There’s a great way to get your foot in the door with real estate, and it doesn’t require an expensive buy-in. In fact, you won’t need to spend a penny of your own money. It’s called real estate wholesaling, and it’s a short-term business strategy that’s ideal for newcomers to real estate investing. All you need in real estate wholesaling is determination, an eye for deals, and a willingness to approach homeowners and investors.
In this strategy, the wholesaler looks for distressed properties and then makes an agreement with the owner. The agreement states that the wholesaler will buy that property for a certain amount. The next thing the wholesaler must do is find a buyer who will pay more than what the wholesaler has agreed to pay for the property. Wholesaling is an off-market listing, meaning that you are personally shopping this around. Once you’ve been able to find a buyer, you keep the difference.
The goal in real estate wholesaling is to sell the home to an interested party before the contract with the original homeowner closes. This means no money exchanges hands between the wholesaler and the seller until a buyer is found by the wholesaler. The wholesaler makes their money by finding a buyer willing to purchase the home at price higher than the amount agreed upon by the buyer. The difference in price—paid for by the buyer—is the profit, retained by the wholesaler.
Wholesaling real estate is best suited for people who want to get into the business, but don’t have the cash. There’s no financial barrier to getting started as a wholesaler, but what you do need are a willingness to scour the market for investment opportunities and the people skills to persuade the homeowner and the buyer that you can help them.
While a lot of investors start out in wholesaling, as you’d imagine, it isn’t necessarily easy. In fact, wholesaling requires persistence, an ability to find distressed properties, and a black-belt ability to talk to people. After all, you’re trying to gage a total stranger’s interest in selling their home. If you’re totally new to wholesaling, it’s a good idea to practice you pitch with people so you’ll come across as calm and reassuring.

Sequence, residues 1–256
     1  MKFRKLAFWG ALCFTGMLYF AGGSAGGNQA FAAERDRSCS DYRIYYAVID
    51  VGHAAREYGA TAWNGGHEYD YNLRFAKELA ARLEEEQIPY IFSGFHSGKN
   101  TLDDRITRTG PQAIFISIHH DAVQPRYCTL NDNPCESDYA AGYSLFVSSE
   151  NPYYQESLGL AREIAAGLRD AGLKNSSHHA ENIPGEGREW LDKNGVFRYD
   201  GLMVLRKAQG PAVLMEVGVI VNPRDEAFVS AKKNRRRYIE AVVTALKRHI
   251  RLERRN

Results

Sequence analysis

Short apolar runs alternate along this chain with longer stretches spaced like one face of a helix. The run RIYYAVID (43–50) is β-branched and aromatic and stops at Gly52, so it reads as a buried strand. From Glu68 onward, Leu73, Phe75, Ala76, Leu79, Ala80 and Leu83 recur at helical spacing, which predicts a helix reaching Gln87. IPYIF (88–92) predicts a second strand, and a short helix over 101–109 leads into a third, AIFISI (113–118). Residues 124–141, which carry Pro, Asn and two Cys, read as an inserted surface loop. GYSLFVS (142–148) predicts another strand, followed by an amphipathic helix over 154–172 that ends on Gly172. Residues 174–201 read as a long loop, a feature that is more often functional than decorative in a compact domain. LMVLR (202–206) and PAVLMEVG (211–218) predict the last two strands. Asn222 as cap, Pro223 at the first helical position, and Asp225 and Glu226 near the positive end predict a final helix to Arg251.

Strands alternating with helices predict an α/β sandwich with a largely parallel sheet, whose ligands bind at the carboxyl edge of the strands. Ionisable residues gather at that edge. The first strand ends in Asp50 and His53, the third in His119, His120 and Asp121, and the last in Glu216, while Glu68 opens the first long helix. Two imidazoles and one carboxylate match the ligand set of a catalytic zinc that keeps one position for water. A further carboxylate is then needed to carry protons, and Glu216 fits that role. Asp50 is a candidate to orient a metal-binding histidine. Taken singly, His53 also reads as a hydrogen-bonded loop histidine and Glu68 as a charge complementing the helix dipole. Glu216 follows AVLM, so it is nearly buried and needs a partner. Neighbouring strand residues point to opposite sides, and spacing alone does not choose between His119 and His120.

When you’re in conversation with the homeowner, your first order of business isn’t to give them your pitch. You actually are there to see if this is something that makes sense for them and for you. They may say they’re not interested, but that doesn’t mean you should rush away. If they want to keep talking, listen to them. Keep the lines of communication open because that “no” could actually become a yes down the road. They will likely be skeptical or resistant, and it’s your job to let them know that you’re actually offering them an opportunity that could help them. Even if a homeowner is opposed to the idea in your initial conversation, leave your card with them. Who knows, you could plant a seed with them that may prompt them to do business with you later.
While there’s a lot of work involved in wholesaling – identifying properties, talking to homeowners, and securing buyers – in some ways, it’s easier than other types of real estate investing. After all, you don’t have to worry about rehabbing the property, renting it out, or managing it. If you’re interested in getting your feet wet in real estate, wholesaling is a great way to get started.